I love the way the tenacity of a pit bull is spin-doctored as "enthusiasm" and "above-average amount of determination." Yes, all you pit-nutters should carry a break stick, just in case your little wiggle butt gets determinedly enthusiastic about a vicious chihuahua, a human appendage, or God forbid, a human neck, head, or face.

Please note also, that New Hope Pit Bull Rescue is begging for foster homes for the 400 plus fighting dogs seized in the latest dog-fighting ring bust.

Here's what they say about that:

"We are very excited and grateful to have the opportunity to help with the Missouri bust case. We look forward to putting our arms around these dogs, training them and placing them into loving forever homes where they will live out their days in the happiness they deserve.

Right now we have ONE confirmed foster home and hundreds of dogs needing a place to go. How do we decide which dog will be lucky enough to get that one spot? We NEED foster homes to help us take these dogs so we can work with them. If you can help and are interested in fostering a dog, please visit our web site to learn more about our foster program and to apply to become a foster home today or email us at!"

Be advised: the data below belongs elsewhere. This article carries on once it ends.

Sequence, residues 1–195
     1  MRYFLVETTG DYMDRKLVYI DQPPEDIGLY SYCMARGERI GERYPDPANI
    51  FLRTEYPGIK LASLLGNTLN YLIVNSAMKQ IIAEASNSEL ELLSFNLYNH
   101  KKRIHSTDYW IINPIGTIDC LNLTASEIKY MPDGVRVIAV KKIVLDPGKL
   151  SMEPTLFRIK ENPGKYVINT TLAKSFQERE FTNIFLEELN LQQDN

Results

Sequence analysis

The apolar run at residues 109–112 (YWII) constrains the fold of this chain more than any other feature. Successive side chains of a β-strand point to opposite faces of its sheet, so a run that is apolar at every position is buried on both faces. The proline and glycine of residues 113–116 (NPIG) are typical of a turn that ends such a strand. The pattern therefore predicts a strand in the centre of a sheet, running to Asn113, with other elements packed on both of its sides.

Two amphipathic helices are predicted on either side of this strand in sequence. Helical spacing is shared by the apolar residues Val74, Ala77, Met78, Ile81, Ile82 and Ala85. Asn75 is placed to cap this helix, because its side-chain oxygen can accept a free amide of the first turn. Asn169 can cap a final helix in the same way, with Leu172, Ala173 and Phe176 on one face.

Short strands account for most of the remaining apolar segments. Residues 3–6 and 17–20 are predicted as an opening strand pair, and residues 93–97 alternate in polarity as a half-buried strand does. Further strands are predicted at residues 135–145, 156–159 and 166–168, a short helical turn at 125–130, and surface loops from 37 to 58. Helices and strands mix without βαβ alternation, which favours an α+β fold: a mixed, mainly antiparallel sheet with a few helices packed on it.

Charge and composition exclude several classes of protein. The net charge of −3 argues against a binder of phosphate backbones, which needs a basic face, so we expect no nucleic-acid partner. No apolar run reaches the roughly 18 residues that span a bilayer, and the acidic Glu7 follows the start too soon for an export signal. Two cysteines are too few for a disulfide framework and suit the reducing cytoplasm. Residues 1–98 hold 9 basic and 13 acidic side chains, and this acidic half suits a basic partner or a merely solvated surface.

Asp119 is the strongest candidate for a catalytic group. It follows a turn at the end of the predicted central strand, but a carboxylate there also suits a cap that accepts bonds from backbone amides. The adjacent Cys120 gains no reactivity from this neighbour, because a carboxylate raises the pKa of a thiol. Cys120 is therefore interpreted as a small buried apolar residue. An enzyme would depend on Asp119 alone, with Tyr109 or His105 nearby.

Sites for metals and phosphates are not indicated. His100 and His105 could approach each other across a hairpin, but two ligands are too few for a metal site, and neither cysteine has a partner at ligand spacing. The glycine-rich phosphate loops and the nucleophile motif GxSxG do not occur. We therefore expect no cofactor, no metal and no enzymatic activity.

I want to know if NHPBR will pay for the medical bills, or funeral costs, when one of these sweet loving beasts that they rehabilitate gets "enthusiastic."

Anonymous Felony  |  8/17/2009 3:41 PM  |  Flag  
Don't be fooled by the muzzle. They can get out them. i saw a pit nutter demonstrate her pit's dislike of the muzzle for a tv news camera last year and I was surprised at how quickly and easily the pit bull got it off.

Some one is working on a pit bull fairy dust. It will be called 'Renalia'.

Anonymous Anonymous  |  8/17/2009 3:42 PM  |  Flag  
And is New Hope screening homes or giving out unaltered pit bulls right back to the dog fighters and breeders who abused them in the first place (who just have to pose as "foster homes")?

It sounds like they'll take anyone who comes along who is willing to take a fighting dog.

How many honest, normal, sane people will do this? Answer is none.

So do the dogs just get handed off to some abuser in the name of "rescue"

Anonymous Don  |  8/17/2009 4:02 PM  |  Flag  
I have only met one pit bull owner who knew what a break stick was and knew how to use and I have been prosecuting these owners for over five (5) years in the Omaha metro area.

A break stick is a requirement, not an option, if you own a pit bull.

What does that tell you?

Anonymous Anonymous  |  8/17/2009 9:44 PM  |  Flag  
"Responsible pit bull owner" is an "jumbo shrimp". They don't exist, in my experience.